We pulled into Jackson late in the evening. I had imagined a cheerful photo for her baby book with Tod and me holding her on our front porch as we went in for the first time as a new family. Instead, under the cover of darkness, we snuck our new little bundle into OUR house, locked the door and went to bed exhausted but happy. The first few days and weeks back in Jackson were wild. We attempted to retain some sense of normalcy in our lives, but we quickly realized that there was a new sheriff in town and she was callin’ the shots.
My most vivid memory of those first few days back was the insanity of us trying to get our Christmas tree in the front door while Anna cried in the background. Our friend from church stopped by and saw that we were both out on the porch struggling with the tree. She immediately asked where the baby was and climbed over the tree to go see her, shaking her head and muttering under her breath. I think she was questioning the Judge’s decision to place this little baby with two complete morons. She took care of Anna for us for a moment, and we began to set up the tree. When I was in college, I worked for Jacobson’s, so I became pretty adept at setting up trees and decorating for the holidays. Not so much anymore. What used to be an afternoon of intense work turned into several weeks of “can I get it done in time?” insanity.
During our time in Ohio, we became very close with Hillary and her family and friends, but we desperately wanted to be with our friends back home. That first weekend home, we took Anna out for her Jackson debut. We met our friends at one of our favorite restaurants for dinner and a celebration of some kind. I don’t remember what we were celebrating, but I do know that Anna stole the show and stole everyone’s hearts.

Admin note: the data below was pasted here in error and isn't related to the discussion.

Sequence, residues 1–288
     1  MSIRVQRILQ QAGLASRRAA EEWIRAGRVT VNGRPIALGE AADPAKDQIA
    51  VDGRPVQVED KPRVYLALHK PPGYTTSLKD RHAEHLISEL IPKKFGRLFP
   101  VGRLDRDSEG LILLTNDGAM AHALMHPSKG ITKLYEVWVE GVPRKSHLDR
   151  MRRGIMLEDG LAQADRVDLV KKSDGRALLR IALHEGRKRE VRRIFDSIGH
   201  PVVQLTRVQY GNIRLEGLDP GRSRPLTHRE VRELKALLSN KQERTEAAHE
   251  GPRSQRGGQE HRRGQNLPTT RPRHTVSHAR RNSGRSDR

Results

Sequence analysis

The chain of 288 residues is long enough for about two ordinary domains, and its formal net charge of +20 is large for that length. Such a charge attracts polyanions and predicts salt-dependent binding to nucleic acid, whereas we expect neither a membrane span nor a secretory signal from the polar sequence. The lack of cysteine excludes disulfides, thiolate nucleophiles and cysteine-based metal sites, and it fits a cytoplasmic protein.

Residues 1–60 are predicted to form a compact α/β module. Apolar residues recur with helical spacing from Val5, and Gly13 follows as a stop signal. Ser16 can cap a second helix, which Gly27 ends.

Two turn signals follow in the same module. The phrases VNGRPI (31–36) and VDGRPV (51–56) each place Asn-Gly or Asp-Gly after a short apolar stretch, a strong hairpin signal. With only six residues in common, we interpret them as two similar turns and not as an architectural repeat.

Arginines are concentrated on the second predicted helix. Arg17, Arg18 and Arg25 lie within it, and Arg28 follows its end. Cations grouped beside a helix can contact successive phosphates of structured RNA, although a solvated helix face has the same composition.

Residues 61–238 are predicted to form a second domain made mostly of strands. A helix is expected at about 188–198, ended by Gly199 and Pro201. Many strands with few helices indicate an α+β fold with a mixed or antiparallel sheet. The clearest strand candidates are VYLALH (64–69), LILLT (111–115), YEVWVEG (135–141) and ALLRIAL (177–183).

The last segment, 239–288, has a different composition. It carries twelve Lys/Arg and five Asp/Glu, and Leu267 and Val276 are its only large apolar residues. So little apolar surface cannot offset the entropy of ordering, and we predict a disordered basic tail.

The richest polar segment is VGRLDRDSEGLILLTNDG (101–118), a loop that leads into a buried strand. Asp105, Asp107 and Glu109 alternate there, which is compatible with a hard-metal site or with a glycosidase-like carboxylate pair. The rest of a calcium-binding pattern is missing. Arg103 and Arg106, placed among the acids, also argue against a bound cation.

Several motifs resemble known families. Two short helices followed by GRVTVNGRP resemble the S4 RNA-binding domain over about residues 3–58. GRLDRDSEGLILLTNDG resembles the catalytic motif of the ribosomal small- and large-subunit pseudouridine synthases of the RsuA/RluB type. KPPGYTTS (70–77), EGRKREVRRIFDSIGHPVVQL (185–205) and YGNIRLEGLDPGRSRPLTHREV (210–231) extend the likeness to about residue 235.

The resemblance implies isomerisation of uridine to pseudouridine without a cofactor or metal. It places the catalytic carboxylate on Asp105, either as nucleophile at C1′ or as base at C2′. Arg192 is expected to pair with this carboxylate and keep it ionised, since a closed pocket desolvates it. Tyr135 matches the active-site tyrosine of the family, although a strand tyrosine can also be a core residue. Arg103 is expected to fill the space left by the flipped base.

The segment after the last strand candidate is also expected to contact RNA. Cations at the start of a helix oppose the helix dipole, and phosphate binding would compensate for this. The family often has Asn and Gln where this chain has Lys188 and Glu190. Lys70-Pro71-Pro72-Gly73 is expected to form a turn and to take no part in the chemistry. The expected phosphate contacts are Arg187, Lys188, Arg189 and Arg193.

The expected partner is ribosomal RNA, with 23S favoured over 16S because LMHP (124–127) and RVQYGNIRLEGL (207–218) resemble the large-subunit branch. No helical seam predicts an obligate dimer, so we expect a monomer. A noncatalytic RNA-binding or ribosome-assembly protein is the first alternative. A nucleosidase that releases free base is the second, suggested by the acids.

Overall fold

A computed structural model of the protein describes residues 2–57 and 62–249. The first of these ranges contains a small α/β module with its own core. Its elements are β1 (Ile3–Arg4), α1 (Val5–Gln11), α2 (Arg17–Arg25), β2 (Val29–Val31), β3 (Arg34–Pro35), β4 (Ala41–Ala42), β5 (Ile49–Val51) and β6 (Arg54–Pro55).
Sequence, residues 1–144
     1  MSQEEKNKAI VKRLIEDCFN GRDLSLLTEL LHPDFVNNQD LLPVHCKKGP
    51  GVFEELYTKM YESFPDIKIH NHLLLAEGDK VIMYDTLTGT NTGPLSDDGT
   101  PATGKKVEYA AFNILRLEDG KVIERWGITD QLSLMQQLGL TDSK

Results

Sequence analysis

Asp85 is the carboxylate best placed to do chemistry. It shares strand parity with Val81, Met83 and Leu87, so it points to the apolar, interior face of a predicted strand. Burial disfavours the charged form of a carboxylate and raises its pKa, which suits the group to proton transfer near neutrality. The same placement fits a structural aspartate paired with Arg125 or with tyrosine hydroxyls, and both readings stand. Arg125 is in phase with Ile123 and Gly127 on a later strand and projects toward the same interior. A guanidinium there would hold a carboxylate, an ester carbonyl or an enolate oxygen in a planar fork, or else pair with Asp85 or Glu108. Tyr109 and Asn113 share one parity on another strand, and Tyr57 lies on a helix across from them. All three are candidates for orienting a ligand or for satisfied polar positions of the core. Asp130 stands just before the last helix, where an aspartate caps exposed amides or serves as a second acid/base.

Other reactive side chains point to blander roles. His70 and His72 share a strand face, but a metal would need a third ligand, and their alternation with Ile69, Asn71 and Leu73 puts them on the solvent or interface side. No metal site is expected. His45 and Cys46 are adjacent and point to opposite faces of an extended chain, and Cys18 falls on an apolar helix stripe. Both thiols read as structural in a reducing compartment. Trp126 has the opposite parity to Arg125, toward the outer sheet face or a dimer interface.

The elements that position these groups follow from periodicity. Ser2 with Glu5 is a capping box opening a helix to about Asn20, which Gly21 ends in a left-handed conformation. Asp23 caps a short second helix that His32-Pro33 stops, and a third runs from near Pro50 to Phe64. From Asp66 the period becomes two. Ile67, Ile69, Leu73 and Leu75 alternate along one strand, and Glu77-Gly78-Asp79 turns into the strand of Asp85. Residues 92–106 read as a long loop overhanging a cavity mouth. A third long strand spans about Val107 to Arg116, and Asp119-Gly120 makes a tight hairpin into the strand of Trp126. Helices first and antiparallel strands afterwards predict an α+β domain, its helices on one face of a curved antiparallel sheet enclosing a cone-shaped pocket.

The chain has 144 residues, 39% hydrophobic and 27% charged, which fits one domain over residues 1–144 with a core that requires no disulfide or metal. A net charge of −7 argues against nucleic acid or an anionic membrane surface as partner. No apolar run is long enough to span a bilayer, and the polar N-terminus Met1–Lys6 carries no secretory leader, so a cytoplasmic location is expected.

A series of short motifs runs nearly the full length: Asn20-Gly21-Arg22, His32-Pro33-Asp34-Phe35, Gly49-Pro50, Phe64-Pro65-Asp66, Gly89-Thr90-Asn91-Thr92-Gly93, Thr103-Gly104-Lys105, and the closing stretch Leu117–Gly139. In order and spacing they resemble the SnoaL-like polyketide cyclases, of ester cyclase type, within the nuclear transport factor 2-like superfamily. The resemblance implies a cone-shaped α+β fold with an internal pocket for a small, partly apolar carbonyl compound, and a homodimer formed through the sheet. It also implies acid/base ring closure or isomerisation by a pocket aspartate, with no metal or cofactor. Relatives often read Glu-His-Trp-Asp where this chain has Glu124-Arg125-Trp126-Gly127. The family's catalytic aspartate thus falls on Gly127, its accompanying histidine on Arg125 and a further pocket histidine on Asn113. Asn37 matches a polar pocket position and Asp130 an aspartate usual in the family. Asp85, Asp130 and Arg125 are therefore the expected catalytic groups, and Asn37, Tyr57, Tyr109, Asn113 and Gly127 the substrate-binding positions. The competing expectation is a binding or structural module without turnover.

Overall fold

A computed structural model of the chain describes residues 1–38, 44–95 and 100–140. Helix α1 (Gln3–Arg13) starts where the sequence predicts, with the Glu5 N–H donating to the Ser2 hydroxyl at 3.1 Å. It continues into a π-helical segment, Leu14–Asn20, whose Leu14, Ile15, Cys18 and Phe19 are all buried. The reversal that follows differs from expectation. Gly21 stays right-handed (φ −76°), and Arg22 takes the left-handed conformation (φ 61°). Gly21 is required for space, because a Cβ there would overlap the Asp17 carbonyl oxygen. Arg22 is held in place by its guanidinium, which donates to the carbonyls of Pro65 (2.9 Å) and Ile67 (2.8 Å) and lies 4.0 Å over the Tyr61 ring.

We had become regular members at Hillary’s church in Toledo during our time in Ohio. We found many similarities to their church and ours, as they are both United Methodists, the one big difference being the Rainbow flag on their altar and the mostly LGBT congregation in attendance each Sunday. Their church was a fully welcoming and reconciling church, and we were accepted as a new family with open arms. We weren’t sure what to expect with our church, as it was an older congregation and we had heard that folks were a little concerned with us adopting. Never mind the fact that we were Gay… ADOPTING???

That first Sunday at Trinity was a whirlwind of smiling faces, hearty handshakes and hugs. Anna was whisked from our arms the moment we walked in the door and was passed from person to person during the time before the service. We went and sat down in our regular seats in the back of the sanctuary, this time with Anna sleeping on Tod’s shoulder. During the announcements, our minister, Pastor Bea came over to our pew and took Anna from Tod. She walked around with Anna in her arms and passed by each pew, introducing her to the congregation and charging them with her care and upbringing. Bea drew a line in the sand for us, challenging the congregation to accept and welcome this little girl into their lives without prejudice, living up to the UMC’s motto of: Open Doors, Open Hearts, and Open Minds. We’ll never know for sure who was against us coming to the church and adopting a child, and at this point, it really doesn’t matter. What matters is that we were home, physically, spiritually, and emotionally, and in the immortal words of Dorothy Gale, “there’s no place like home.”

Sunday, February 1, 2009

Getting ready for skool

And so it begins tomorrow morning at 7:30. I will drop off the myriad of forms/permissions and assessments to enroll Anna in the great experiment known as the American Public School System. If all goes well, and rumors of her meltdowns and temper tantrums don’t get to the office, she’s start half day preschool next fall and Kindergarten in the fall of 2010.
We are a little worried about the amount of paperwork required for preschool. Holy shit, the stuff we had to cough up filled up half of our dining room table.

I can only imagine what college will bring.